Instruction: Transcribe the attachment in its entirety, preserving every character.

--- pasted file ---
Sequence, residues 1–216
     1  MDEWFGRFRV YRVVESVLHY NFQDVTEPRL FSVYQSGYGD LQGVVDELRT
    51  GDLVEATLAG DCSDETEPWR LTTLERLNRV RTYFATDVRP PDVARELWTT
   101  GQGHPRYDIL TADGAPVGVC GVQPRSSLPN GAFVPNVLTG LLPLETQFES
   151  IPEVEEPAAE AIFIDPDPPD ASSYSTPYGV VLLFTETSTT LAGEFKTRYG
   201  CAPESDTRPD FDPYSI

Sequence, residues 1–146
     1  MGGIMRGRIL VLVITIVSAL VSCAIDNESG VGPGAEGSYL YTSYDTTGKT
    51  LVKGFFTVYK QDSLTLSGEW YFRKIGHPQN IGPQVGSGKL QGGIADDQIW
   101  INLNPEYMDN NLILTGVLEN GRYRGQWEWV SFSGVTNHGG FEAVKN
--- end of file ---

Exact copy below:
Sequence, residues 1–216
     1  MDEWFGRFRV YRVVESVLHY NFQDVTEPRL FSVYQSGYGD LQGVVDELRT
    51  GDLVEATLAG DCSDETEPWR LTTLERLNRV RTYFATDVRP PDVARELWTT
   101  GQGHPRYDIL TADGAPVGVC GVQPRSSLPN GAFVPNVLTG LLPLETQFES
   151  IPEVEEPAAE AIFIDPDPPD ASSYSTPYGV VLLFTETSTT LAGEFKTRYG
   201  CAPESDTRPD FDPYSI

Sequence, residues 1–146
     1  MGGIMRGRIL VLVITIVSAL VSCAIDNESG VGPGAEGSYL YTSYDTTGKT
    51  LVKGFFTVYK QDSLTLSGEW YFRKIGHPQN IGPQVGSGKL QGGIADDQIW
   101  INLNPEYMDN NLILTGVLEN GRYRGQWEWV SFSGVTNHGG FEAVKN